Batiste offered to sell our producers a CPN, and said it was a replacement for a social security number. He also told them they could use it to open up new credit cards, after advising them to alter their addresses. This then creates a new profile in the eyes of credit card companies, now unable to link the customer with their old social security number and, presumably, bad credit.
The Electronic Transactions Association, a trade group made up of companies within the payments technology industry, says "consumers that choose to place one of these CPNs ... (or another fake nine-digit number) on a credit application will be committing a federal crime, “ adding that “Our member companies detect and deter crime everyday through security technology built to prevent fraud and insulate consumers from liability.”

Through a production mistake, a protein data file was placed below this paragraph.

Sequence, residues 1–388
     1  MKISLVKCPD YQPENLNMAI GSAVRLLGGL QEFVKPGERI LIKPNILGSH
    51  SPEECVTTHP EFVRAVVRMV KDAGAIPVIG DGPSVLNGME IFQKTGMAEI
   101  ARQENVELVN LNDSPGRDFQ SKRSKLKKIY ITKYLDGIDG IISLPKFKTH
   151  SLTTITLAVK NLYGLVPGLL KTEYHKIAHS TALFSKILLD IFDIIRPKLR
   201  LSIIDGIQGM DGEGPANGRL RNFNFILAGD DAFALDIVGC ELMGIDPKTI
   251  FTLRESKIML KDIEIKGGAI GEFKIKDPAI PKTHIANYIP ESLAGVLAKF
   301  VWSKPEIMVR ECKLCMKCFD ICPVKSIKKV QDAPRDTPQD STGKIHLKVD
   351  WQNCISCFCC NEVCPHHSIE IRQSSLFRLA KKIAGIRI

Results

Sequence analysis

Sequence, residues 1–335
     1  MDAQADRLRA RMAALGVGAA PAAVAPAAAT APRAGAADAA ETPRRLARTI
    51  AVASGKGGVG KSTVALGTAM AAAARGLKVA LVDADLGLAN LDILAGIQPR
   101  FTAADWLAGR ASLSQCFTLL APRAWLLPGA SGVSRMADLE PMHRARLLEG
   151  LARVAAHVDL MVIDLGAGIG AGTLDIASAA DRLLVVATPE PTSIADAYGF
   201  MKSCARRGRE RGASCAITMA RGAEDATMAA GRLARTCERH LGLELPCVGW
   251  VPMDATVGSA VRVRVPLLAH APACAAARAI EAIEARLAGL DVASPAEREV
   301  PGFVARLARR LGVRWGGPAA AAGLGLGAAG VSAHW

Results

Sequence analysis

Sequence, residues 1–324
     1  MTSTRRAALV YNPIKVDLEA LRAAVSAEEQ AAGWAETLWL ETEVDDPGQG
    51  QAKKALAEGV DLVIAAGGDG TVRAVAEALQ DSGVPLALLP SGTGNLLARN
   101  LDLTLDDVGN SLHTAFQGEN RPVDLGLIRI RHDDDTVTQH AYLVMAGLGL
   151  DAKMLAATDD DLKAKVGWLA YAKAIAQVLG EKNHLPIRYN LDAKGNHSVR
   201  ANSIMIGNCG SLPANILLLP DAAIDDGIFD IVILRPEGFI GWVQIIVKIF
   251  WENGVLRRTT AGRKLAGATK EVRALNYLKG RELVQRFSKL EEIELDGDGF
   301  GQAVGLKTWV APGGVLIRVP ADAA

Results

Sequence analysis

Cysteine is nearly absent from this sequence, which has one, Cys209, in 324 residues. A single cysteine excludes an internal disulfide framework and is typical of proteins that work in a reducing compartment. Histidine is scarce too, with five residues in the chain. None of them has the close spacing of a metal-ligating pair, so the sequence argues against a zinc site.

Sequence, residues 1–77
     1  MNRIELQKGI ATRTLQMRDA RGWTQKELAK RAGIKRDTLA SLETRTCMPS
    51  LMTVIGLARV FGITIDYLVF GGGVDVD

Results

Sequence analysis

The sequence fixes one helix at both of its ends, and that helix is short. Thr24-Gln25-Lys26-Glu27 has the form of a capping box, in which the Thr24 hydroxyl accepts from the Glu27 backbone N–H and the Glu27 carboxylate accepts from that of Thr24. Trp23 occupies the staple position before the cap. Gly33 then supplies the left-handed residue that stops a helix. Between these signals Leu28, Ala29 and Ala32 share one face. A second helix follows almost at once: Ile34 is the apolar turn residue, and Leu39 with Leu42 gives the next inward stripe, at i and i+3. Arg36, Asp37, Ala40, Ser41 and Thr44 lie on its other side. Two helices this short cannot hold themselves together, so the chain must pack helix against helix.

When asked about CPNs, Batiste told our producers, “We build them.”
“We go into the system, we apply for this new credit profile through the Social Security Administration,” he said.
For a fee of $350, he told our producers he would sell them a CPN, but there was a catch, saying, “You use an address that you’ve never stayed at before, because any address you’ve stayed at is associated to your personal credit.”
“It’s 100 percent legal, we go to the FBI,” Batiste continued. “I always tell people to go and do your research, go do your research. Some people say CPNs are illegal. The only reason they say they’re illegal because a lot of stuff comes up as fraud because a lot of people don’t know how to use them.”
But the Social Security Administration told ABC News that under no circumstances do they issue CPNs. Robert Feldt, an agent with the SSA also added that “despite what many of these credit repair websites imply… CPNs are not legal.”
The FBI also confirmed to “Nightline” that they do not issue CPNs and know of no government agencies that do, which leads to questions about what so-called “CPNs” actually are.
“CPNS are basically just numbers that are sometimes made up,” said Major Don Woodruff. “It could be that they give you a CPN that is actually is a social security number of someone that's not you.”